Thursday, April 9, 2015

H is for Hole

There is that old saying - "Nature abhors a vacuum.." or at least I think it is an old saying and that it goes like that. In any event, it fits water in a river and water in a river is where River and Ranch gets started.

Amongst other things you'll find in River and Ranch, Cale is a river guide. A whitewater rafting guide to be more descriptive. On the Salmon River. In Idaho. Awesome place, I've been there myself for two of the better summers of my life. If you have your summers off and are looking for a job that pays you badly to play, under the guise of fairly hard work at all hours under bad conditions, river rafting is a job you should look at. Heat, cold, risk of death, immense responsibility for keeping innocent people alive, wet, dry, even snow in the early season. This is a job that has all the hazards, right down to rattlesnake bites and food poisoning. Odds are you will love every single minute of it. I did. I wish I could go back.

Whiplash is one of those one of the job hazards that both fictional and real river guides encounter on the Main Salmon, but only under the right conditions. For Whiplash, that condition is a fairly high water level, typically found only in spring runoff of a good snow year.

Think of a hole literally. It is a hole in the water. The kicker is that the hole is created by a rock just upstream from it. The rock forces the water to split around it, or to go over it. The hole is behind the rock where the water would be if the rock were not there. As soon as the water is around or over the rock it then "falls" back down or "moves over" and reoccupies the "blank" (aka vacuum) space behind the rock. The water moving back into that space is directional, it has a current and it can be very very strong. Strong like hold you down and keep you there for awhile strong. End your life strong. Keep your boat strong. Thankfully, water is dynamic. It pulses, ebbs, and flows, so the current making the hole is not a strong steady thing, which is one of the things that enable an escape if you are caught in a hole. Also, there is still a current moving out of the hole as there is always "new" water coming back together behind that rock. The "old" water has to make way for the "new" water. This current generally is at the very bottom. So if you are caught, one way to get out is to go down and find that bottom current. Hopefully it's there and you find it in time.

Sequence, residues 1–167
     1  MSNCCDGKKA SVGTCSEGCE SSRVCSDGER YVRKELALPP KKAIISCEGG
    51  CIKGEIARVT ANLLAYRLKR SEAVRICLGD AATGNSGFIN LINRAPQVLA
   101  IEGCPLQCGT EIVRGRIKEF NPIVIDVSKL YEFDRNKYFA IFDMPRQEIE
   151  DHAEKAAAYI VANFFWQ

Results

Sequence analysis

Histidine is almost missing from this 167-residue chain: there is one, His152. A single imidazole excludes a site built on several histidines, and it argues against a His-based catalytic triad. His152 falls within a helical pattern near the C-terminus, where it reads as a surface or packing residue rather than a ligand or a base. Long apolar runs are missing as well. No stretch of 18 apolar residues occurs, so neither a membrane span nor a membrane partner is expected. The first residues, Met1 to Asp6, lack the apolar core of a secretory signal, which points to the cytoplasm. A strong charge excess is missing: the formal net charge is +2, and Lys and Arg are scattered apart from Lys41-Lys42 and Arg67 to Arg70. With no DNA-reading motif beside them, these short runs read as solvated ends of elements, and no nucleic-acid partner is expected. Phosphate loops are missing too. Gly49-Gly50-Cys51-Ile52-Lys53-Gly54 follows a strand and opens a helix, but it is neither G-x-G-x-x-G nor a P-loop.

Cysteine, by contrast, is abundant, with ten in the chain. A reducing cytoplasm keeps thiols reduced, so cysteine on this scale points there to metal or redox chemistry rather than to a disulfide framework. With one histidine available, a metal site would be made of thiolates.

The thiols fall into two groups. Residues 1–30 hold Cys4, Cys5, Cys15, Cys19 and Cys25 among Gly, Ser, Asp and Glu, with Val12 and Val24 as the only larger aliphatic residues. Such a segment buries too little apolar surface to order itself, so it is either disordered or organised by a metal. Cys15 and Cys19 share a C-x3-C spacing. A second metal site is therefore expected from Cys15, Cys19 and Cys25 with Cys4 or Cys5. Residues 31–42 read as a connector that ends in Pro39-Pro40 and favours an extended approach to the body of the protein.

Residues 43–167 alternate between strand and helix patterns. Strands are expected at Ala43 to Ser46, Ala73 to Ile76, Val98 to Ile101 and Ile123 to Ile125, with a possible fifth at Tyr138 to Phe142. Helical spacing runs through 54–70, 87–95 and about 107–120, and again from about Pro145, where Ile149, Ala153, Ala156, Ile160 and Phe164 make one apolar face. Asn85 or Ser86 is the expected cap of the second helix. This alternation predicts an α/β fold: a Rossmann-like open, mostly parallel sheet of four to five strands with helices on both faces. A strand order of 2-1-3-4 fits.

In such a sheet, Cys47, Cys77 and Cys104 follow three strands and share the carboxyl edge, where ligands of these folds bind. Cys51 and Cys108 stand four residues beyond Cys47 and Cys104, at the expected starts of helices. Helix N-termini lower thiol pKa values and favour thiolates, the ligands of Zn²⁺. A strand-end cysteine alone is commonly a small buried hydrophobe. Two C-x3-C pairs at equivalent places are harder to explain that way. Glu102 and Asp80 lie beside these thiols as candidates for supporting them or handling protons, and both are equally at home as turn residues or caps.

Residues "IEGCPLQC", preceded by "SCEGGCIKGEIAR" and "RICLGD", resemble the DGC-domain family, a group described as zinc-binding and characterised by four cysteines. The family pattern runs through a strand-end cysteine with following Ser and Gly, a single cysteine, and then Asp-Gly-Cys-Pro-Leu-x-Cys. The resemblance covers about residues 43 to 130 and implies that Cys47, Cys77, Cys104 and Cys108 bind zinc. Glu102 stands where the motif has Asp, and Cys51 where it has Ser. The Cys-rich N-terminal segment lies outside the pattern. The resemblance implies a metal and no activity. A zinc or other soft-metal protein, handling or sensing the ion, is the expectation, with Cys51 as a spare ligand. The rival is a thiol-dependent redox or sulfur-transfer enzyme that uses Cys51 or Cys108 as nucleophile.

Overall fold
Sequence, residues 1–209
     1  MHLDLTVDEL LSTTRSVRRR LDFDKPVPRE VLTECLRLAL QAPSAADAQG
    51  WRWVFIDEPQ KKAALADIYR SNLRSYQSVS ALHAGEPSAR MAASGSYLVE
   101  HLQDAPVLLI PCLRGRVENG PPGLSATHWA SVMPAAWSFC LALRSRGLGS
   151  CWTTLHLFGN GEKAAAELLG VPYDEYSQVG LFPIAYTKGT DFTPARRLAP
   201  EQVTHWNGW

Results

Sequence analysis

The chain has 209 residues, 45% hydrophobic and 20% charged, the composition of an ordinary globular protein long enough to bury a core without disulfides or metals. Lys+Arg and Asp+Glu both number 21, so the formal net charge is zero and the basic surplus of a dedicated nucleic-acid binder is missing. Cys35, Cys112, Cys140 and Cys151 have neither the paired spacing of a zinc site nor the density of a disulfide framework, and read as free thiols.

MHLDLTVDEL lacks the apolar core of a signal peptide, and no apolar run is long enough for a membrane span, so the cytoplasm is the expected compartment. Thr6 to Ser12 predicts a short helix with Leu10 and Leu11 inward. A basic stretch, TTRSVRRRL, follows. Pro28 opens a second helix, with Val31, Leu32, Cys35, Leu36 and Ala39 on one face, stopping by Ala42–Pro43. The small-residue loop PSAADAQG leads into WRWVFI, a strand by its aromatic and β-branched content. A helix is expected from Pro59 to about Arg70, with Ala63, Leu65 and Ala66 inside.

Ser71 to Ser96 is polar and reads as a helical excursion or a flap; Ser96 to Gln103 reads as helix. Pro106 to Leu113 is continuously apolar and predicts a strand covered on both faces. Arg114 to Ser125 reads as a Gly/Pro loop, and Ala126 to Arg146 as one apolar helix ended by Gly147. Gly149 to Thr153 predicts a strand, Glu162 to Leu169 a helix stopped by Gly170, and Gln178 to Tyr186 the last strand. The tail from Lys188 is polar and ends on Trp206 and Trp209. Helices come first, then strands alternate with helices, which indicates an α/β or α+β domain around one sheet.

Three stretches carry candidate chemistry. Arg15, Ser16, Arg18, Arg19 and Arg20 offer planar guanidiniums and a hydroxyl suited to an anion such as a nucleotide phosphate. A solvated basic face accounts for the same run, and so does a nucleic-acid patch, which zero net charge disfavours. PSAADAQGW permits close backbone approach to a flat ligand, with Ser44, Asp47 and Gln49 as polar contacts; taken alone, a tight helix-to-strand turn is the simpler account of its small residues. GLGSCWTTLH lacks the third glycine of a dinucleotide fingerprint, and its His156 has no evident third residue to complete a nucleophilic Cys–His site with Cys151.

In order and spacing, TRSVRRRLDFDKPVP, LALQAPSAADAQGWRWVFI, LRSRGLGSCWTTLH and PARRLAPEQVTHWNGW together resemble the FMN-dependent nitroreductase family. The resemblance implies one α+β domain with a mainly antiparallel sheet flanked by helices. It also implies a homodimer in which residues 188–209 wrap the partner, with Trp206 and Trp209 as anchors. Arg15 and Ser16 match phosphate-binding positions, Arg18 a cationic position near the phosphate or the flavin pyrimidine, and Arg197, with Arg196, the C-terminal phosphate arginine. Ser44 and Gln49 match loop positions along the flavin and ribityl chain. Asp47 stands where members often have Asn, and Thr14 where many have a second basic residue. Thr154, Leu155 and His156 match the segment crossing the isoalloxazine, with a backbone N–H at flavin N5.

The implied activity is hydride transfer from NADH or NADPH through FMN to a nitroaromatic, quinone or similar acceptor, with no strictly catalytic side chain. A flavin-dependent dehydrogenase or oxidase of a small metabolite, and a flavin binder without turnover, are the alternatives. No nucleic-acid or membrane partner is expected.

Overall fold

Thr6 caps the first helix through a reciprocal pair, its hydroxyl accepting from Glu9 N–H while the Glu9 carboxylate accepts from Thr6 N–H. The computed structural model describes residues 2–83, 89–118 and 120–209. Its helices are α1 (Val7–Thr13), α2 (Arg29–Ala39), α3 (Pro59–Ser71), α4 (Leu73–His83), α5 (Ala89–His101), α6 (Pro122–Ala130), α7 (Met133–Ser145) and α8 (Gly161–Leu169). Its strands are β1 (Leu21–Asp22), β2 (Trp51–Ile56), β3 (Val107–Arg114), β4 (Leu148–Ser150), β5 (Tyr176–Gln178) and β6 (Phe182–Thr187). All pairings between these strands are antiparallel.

Holes are part of running a river. Unless a new rock falls in and makes a new obstacle (e.g. Cramer Creek on the Main in ~2011), the hole tends to be the same and become a well known entity. So if a guide has run the river more than once, they tend to remember each rapid and each hole and the sequence of moves to go through so as to maximize the enjoyment of the whitewater and minimize the risky part of the whitewater.

So next time there's a big runoff event on the Main, watch for mile 89. That's where Whiplash lives.

1 comment:

  1. I didn't know vacuums were created by holes because of rocks. That's very interesting.

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